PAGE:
As we get ready for our third family camping trip of the season in the Pocono Mountains, I keep thinking of what exactly it is that I love about getting away from the comforts of our home. Some reasons go far and beyond the obvious. S'mores and relaxing around the campfire (if you can relax with a 2 and 4-year-old) are great motivators. But, trust me, there is more to voluntarily sleeping on uneven ground than what meets the eye.
When we spend most of the year running around begging our children to get dressed so we can hopefully make it to school on time, summer is the perfect time to call it quits on all schedules and time-constrained commitments. And that's precisely what happens when we go camping. But there are other reasons why kids should experience the beauty of getting away from it all.
1. Face-to-face contact. With no tight schedules, no rushing, and & no devices, we are left with good old face-to-face connections and the pleasure of moving along the day leisurely far away from the hustle and bustle of city life. Time, a near-extinct resource among modern parents, magically becomes abundant in the middle of the woods. And while chances are that our phones will work perfectly fine no matter how far we go, we voluntarily leave it behind in the car until it is time to head home.
2. Patience. There are no quick meals. We must gather sticks and bark and wood (although most places sell firewood these days) to help us start our campfire and get cookin'. Firestarters are great, but only if I am ravenous! I try to avoid instant gratification as much as I can when it comes to camping. We must divide and conquer every task as a team.
3. Creativity. Experienced campers know things can always go awry, but it's how you deal with such a challenge that really matters. If we forget to pack something, we need to make it work with what we have or find an alternative. The first time this summer, we forgot the cooking rack for top of the fire ring. We managed by making foil-packet meals that turned out remarkably tasty. This is where "makin' a list and checkin' it twice" all starts to make sense.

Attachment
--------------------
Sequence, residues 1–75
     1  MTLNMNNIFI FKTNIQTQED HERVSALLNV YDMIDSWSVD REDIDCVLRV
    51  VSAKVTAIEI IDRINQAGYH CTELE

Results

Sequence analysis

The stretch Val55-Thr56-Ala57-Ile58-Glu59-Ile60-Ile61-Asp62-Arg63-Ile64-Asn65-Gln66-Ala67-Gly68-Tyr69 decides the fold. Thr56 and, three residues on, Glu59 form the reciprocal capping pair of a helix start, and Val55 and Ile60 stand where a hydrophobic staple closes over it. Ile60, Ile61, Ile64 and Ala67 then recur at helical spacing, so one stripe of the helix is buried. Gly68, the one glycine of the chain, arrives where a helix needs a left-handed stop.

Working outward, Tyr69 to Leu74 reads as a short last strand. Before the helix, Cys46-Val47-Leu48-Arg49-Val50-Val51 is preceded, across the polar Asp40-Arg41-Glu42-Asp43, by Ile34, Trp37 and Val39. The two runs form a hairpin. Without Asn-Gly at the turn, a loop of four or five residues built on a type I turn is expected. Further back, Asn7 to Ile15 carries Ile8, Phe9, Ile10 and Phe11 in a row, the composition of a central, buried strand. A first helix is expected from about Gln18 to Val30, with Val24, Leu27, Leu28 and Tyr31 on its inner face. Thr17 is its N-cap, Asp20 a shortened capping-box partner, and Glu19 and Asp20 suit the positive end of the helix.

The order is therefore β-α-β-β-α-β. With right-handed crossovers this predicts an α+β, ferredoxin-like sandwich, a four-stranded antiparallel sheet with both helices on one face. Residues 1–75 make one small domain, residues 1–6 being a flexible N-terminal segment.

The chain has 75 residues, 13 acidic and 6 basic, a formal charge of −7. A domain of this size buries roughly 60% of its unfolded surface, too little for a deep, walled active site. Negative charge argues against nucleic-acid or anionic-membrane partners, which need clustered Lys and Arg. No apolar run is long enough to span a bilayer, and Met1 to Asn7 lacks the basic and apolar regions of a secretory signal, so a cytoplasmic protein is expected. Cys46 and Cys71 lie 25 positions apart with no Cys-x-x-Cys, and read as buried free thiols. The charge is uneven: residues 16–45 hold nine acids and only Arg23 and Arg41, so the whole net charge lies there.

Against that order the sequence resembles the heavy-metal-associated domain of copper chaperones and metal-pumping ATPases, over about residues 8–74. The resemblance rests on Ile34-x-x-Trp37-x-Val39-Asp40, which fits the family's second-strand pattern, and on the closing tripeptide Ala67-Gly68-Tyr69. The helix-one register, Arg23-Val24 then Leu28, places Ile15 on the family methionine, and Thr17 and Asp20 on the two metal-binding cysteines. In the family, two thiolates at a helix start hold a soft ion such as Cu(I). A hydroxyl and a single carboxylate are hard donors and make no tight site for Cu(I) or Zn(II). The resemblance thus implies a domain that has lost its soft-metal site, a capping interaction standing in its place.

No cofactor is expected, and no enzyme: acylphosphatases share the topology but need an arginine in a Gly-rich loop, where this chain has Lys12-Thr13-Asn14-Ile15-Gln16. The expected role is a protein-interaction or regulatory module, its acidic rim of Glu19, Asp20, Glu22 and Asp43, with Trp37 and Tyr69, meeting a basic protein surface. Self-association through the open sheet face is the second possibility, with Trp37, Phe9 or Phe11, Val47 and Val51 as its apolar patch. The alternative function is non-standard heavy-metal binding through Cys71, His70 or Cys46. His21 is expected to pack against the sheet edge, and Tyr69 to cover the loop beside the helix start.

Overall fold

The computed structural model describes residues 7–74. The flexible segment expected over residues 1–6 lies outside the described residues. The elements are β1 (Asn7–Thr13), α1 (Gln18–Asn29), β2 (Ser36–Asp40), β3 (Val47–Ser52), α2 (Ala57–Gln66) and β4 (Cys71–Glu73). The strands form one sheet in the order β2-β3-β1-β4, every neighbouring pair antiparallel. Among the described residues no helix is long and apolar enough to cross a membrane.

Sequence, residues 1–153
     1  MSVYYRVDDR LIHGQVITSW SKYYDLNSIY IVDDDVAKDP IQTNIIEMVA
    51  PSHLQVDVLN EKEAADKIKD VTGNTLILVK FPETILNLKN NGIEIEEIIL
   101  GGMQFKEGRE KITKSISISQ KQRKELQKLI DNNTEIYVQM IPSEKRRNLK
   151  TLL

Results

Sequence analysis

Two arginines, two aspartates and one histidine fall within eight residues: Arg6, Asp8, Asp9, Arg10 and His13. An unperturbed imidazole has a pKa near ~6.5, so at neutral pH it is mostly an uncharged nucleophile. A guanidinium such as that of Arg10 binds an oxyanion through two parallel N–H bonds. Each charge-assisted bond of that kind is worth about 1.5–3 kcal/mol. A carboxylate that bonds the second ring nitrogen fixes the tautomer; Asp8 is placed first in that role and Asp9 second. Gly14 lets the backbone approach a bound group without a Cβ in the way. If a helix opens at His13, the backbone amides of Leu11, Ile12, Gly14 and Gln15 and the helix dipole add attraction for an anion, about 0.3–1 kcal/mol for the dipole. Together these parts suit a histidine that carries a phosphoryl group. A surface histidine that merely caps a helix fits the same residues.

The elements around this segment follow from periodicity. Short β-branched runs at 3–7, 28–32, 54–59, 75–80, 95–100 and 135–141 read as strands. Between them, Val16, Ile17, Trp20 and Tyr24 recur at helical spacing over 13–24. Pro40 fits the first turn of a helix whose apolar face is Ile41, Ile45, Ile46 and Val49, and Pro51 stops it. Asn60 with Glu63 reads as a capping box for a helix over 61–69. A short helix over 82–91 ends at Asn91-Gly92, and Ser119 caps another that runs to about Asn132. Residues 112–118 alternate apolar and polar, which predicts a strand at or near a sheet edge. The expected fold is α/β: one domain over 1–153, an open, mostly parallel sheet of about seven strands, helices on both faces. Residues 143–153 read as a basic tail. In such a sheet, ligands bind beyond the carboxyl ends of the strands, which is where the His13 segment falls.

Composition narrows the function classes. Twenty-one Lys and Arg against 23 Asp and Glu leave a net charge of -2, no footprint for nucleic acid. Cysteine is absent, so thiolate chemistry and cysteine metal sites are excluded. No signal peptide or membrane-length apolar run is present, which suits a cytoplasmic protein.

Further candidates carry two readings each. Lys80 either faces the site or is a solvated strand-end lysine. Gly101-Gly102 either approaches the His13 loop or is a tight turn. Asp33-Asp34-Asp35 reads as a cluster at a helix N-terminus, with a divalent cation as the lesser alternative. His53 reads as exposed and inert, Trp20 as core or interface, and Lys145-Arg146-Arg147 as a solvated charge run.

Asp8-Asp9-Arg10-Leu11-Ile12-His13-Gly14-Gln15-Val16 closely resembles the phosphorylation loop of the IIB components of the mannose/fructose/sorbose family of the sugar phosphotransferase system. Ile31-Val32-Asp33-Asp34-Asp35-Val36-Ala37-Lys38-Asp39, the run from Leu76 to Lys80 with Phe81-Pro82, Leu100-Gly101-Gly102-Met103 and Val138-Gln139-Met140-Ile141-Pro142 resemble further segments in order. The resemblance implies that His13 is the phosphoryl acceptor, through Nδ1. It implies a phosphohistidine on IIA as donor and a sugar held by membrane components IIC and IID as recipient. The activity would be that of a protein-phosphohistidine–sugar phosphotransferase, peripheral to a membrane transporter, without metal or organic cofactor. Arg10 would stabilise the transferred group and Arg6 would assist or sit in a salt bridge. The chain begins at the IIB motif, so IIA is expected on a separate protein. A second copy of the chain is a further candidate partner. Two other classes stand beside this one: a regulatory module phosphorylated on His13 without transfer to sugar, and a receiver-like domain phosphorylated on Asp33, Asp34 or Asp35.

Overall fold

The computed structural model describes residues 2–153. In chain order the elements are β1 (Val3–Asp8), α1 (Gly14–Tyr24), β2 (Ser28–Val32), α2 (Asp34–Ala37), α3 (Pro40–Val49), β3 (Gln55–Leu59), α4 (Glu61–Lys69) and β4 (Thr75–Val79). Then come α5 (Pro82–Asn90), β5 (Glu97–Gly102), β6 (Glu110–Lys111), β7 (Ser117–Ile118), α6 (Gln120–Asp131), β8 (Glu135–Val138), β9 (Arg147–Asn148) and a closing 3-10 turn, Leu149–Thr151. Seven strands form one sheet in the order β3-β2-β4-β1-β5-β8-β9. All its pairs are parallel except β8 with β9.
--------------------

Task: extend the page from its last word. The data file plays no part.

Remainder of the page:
4. Out of our comfort zone. "But how do you manage when they are so little?" is a question I often face. Well, that's the beauty of it — even my feisty two-year-old needs to learn to adapt and embrace a little discomfort. It might be somewhat challenging at first, but give it some time, and you will notice how kids too begin to welcome this slower-paced and not so convenient living.
But perhaps the biggest reward of going camping is not learning to be patient or the ability to unplug from our devices. City living has alienated us from the wonders of the natural world so much that our children only get to learn about forest animals and biological processes from a textbook. "What is the extinction of a condor to a child who has never seen a wren?" once said naturalist Robert
Michael Pyle. Why is is that older generations can easily identify the trees, shrubs, and birds in their surroundings, but my generation has lost this ability and probably the interest to do so? Our children are merely following our footsteps.
Our growing disengagement from nature, I soon realized, is the reason why I love immersing ourselves in these rustic getaways. As my children lift a rotten log and make amazing discoveries, I do too. Their unnumerable questions have motivated me to find the answers. Their sense of wonder is what makes family camping so meaningful at such a young age. Observing my four-year-old move around stumps, rocks, and other loose parts in an uneven ground can be nerve-wracking, but ultimately, I know he is building self-confidence.
If we want children to protect nature they must experience it first-hand.